DIYARBAKIR, Turkey (Reuters) - Turkish authorities on Saturday detained a key suspect in a bombing that killed seven people and wounded 23 on Thursday in the strife-torn southeast, security sources said.
Eight members of the security forces were killed on Saturday in separate clashes around the mainly Kurdish region, they also reported.
The outlawed Kurdistan Workers Party (PKK) claimed responsibility for Thursday's bombing in the city of Diyarbakir, one day before Prime Minister Ahmet Davutoglu visited the city and outlined plans to confiscate and rebuild a historic neighborhood wrecked in fighting since July.
Sources said police apprehended a man they believe parked the bomb-laden car and detonated it when a minibus carrying police officers passed it on a busy street. On Friday, authorities arrested nine people in connection with the bombing.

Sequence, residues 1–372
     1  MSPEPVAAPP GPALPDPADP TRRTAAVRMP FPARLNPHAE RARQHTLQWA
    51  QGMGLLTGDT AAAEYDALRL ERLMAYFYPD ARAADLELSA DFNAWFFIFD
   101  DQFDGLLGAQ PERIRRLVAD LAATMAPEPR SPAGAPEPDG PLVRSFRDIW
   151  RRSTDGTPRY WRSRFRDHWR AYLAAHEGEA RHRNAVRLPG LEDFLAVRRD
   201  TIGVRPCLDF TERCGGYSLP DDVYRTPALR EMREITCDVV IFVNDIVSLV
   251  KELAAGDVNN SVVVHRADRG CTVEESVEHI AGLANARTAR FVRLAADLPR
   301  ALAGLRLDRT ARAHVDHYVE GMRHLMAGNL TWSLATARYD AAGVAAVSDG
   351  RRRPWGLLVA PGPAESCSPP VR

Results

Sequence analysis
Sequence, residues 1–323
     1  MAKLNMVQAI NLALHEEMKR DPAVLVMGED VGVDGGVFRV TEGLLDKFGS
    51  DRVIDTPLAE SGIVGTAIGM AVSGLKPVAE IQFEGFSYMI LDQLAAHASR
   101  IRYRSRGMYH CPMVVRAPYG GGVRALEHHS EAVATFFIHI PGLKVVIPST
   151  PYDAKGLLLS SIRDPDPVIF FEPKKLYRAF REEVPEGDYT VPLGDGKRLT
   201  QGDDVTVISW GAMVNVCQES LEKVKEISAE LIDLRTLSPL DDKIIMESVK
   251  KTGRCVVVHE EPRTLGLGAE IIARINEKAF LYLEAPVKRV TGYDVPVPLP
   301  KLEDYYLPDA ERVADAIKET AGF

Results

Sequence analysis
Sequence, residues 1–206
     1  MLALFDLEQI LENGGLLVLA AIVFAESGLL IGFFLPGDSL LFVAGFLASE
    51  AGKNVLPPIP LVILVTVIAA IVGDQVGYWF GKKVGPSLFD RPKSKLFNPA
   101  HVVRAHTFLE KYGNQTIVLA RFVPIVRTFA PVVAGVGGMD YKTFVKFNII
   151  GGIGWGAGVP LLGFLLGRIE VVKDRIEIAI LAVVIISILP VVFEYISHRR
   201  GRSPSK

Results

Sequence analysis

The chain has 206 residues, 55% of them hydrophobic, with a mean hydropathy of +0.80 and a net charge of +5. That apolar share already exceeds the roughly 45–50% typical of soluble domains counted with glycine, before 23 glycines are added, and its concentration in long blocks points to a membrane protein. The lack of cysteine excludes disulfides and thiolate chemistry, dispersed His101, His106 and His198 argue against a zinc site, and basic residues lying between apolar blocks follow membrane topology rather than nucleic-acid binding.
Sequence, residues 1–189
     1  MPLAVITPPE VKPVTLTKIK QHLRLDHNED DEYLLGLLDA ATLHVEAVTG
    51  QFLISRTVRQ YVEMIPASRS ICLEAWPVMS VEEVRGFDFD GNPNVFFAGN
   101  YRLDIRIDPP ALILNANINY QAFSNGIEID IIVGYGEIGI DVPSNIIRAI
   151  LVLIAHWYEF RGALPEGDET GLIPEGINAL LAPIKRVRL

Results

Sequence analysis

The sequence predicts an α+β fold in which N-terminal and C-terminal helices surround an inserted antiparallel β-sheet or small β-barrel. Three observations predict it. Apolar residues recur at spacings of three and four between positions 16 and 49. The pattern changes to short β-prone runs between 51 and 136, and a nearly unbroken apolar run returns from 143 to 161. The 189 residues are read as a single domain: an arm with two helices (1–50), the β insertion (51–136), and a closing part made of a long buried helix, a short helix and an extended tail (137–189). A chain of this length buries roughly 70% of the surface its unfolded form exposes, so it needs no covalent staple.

Six police officers were killed in the town of Nusaybin on the Syrian border on Saturday after suspected PKK militants blew up a building they were searching, security sources said. Four police were being treated for injuries in hospital.
A police officer from a combat unit was also killed in Yuksekova near the Iraqi border, where security forces began operations and imposed a round-the-clock curfew on March 13.
A soldier was killed in the town of Sirnak, the military said on its website.
The predominately Kurdish southeast of Turkey has seen the worst violence in two decades since the PKK abandoned a two-year ceasefire in July and resumed its armed campaign for autonomy. The government says more than 5,000 militants and almost 400 soldiers and police have been killed.
Opposition parties estimate that between 500 and 1,000 civilians have also been killed in the fighting, largely concentrated in densely populated urban centers.
Late on Friday, militants used a car bomb to strike a military outpost near the town of Kiziltepe by the Syrian frontier. One civilian was killed and 13 people wounded, including three children and two soldiers.
Reporting by Seyhmus Cakan; Writing by Ayla Jean Yackley; Editing by Andrew Roche